Saturday 16 February 2019

Now that we’ve stopped laughing…

Is this what Vince Farrugia meant by a ‘cant wrapper’?

We all had our laugh this morning at the expression “cant wrapper” which Vince Farrugia used to describe Sandro Chetcuti in one of his text messages.  You can read about the court case where the whole story was revealed here.

I had my share of fun trying to come up with plausible explanations of what Vince could have possible meant when he said “then we dump him as a cant wrapper.”

But the text messages themselves are no laughing matter.

The whole thing is extremely sinister and reads like something out of a bad Mafia movie;  laughable yes, if it were not so disquieting.  It has lifted the lid on certain behind-the-scenes manoeuvres which many of us have always suspected, but could never really prove.   “We must blacken his name with all ministers and parliamentary secretaries, MPs and authorities so that nobody trusts him and nobody touches him,” one of the incriminating SMS’s by Vince Farrugia read.

Mr Farrugia is himself in a position of extreme power, as the head of the GRTU, the union which groups together all retail outlets. He is also, let us not forget, a former candidate  for the European parliament, standing on the Nationalist Party ticket.  Whoever accepted his candidacy made a great judgement call, huh?

Today’s story comes hot on the heels of the now notorious fib by the Prime Minister that a substantial investment was made by a large Brazilian company which had moved its headquarters to Malta…only for us to learn that the company had already closed shop and left.  Talk about a souffle which fell flat.

Desperate to furiously backpedal  on his initial fanfare of an announcement, the PM did everything he could at damage limitation.  But all attempts at spinning the real extent of the Brazilian investment  (“these days you can still have huge foreign investment with just four employees”) on various TV stations and radio talk shows by PN politicians simply made things worse.  Even trying to turn the tables on the Labour party, whom they accused of “enjoying” the fact that the company closed down, did not work.

I watched and listened to them in sheer disbelief wondering if they have now so completely detached themselves from reality that they simply take us all for unquestioning morons. There was either a huge investment or there wasn’t, and if the investment fell through, just say so.  But please don’t try and twist the facts which you yourself publicised and entangle yourself in more and more half-truths because you cannot bear to admit you made a mistake.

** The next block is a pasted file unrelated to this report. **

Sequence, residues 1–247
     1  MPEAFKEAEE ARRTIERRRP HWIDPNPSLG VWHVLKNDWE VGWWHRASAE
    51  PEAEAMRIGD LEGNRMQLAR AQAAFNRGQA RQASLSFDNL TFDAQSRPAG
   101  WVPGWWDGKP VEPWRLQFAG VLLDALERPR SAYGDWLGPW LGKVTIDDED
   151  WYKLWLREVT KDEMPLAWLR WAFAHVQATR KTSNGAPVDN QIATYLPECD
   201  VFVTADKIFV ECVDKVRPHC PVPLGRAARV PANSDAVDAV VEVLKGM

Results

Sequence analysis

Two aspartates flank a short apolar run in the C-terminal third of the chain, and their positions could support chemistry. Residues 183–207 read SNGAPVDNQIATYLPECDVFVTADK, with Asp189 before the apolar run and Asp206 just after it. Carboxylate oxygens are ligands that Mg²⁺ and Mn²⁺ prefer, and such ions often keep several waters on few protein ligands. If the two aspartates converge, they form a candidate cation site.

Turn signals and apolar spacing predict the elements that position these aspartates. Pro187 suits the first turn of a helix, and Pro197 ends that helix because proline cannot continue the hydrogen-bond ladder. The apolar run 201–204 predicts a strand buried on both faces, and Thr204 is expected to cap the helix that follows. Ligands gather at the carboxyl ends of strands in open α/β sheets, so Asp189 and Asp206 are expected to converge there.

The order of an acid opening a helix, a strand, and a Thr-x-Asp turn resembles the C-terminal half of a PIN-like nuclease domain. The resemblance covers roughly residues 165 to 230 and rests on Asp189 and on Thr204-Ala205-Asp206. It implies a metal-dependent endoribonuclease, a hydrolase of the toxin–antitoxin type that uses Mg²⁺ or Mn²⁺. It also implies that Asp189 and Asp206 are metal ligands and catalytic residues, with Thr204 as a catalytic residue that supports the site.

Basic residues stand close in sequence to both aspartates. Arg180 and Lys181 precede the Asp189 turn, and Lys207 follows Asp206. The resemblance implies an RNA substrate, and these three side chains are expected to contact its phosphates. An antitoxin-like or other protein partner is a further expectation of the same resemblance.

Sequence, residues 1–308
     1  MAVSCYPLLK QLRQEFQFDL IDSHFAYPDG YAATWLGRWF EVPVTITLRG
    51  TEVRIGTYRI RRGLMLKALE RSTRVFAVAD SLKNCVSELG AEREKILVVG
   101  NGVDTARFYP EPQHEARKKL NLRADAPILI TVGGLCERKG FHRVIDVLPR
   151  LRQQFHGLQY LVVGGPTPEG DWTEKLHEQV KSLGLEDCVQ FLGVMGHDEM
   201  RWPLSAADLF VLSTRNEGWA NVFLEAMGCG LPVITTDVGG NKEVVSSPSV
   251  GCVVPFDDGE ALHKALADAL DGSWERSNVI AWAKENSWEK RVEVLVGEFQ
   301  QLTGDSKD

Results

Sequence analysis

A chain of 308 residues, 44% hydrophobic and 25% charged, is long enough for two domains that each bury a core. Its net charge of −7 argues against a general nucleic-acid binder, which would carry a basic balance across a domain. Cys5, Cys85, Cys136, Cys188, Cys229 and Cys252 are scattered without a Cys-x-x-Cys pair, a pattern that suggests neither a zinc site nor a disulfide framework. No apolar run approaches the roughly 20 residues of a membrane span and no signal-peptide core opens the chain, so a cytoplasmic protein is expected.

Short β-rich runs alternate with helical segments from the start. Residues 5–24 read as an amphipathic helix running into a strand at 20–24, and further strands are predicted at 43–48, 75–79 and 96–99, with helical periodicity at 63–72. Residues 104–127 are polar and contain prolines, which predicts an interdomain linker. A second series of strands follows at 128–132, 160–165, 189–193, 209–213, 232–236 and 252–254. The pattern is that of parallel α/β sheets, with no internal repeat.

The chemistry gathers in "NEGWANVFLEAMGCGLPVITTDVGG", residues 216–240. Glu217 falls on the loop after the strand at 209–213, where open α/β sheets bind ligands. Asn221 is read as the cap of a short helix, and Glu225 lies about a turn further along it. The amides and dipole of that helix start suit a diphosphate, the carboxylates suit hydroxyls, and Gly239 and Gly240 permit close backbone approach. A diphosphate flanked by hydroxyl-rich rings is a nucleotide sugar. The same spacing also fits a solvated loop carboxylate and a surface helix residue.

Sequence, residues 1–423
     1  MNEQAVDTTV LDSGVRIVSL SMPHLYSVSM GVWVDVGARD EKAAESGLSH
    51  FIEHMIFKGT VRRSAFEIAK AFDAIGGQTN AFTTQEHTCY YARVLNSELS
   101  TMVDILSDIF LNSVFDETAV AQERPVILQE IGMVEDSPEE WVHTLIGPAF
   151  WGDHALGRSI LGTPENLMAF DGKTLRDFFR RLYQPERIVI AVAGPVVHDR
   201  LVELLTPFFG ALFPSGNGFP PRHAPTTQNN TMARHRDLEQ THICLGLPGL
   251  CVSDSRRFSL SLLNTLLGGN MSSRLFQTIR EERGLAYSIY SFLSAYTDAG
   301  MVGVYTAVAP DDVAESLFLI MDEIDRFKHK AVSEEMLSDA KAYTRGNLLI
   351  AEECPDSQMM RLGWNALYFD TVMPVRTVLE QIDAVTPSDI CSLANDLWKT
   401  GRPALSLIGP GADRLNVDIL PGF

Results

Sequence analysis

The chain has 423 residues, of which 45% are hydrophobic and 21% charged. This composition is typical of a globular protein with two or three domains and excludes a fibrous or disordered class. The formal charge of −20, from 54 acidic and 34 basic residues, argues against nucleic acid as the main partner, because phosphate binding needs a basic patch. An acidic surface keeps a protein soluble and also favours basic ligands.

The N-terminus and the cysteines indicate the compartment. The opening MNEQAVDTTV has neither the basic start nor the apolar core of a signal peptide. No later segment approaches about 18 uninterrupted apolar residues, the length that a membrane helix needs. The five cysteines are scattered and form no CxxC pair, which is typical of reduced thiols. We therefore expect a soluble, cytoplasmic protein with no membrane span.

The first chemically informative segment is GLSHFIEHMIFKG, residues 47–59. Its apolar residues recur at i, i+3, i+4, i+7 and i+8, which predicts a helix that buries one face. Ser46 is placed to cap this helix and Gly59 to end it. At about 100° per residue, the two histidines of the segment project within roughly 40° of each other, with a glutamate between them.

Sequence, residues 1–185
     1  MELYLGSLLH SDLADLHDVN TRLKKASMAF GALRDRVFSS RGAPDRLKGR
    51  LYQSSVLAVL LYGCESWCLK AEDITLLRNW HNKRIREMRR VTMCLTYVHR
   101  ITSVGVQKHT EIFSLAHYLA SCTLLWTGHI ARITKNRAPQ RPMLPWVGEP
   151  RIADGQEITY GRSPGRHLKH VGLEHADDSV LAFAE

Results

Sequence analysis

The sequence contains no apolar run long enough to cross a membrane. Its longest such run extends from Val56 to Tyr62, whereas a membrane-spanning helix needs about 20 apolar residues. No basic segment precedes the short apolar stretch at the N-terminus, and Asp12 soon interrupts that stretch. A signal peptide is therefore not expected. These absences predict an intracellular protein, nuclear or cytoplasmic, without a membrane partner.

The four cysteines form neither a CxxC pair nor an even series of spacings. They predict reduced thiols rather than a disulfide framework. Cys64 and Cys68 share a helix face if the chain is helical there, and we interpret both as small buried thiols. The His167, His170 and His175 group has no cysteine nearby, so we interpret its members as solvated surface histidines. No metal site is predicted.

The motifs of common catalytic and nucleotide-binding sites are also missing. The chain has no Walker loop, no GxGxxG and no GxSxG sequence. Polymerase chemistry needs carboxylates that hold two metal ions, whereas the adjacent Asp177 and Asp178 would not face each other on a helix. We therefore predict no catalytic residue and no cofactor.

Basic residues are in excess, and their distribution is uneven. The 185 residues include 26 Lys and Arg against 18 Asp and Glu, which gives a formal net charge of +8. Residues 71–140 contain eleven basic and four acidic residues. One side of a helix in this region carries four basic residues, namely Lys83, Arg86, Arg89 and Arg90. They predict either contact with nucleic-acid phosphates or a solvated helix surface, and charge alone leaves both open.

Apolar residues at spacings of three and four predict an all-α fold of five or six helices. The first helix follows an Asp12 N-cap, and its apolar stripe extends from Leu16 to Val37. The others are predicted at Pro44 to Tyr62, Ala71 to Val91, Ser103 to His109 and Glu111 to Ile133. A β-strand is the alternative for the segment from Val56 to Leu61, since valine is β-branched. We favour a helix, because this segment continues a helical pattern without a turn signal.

The bizarre nature of the whole Brazilian investment that never was, created another opportunity for all of us to laugh and poke fun – but even as we joked and shared posters and billboards, you could sense that this was laughter born out of almost hysterical desperation.  This country has been lurching from one surreal episode to another for over a year.

We have a government hanging on by a thread, a backbencher who daily fires off blog posts against his own party and  a PM who tried to pull a fast one on live television with a chuckle while flourishing a pile of thick reports during a so-called debate.  Meanwhile, from the clips I’ve seen, I noticed that Joseph Muscat spent much of that debate with a bemused half-smile playing around his lips – a smile which many interpret as a smug smirk.

Quite a few people I spoke to have described his performance during that debate as lacklustre,  and in retrospect I wonder whether Muscat did not try harder to impress viewers  because he knows he does not need to do much at this point.  After all, he was rescued from what looked like a gaffe about the Brazilian company  (which he did not seem to know much about) by the press (especially blogger Alison Bezzina) who did a little digging and came up with the facts.

Of course, not even bothering to try and convince floating viewers because you assume you  have the election in the bag is not a good sign. Nor is constantly harping on and on about the water & electricity bills. OK,  you made your point already. Next?

The fact is that the longer the election date takes to be announced the more people’s interest is going to flag. We are suffering from campaign ennui without having had an official campaign yet.

In the meantime, between the almost daily blunders by the present administration, and the “let’s sit back and wait” attitude of the Opposition, it is no wonder that most of us seek refuge in satire and jokes.


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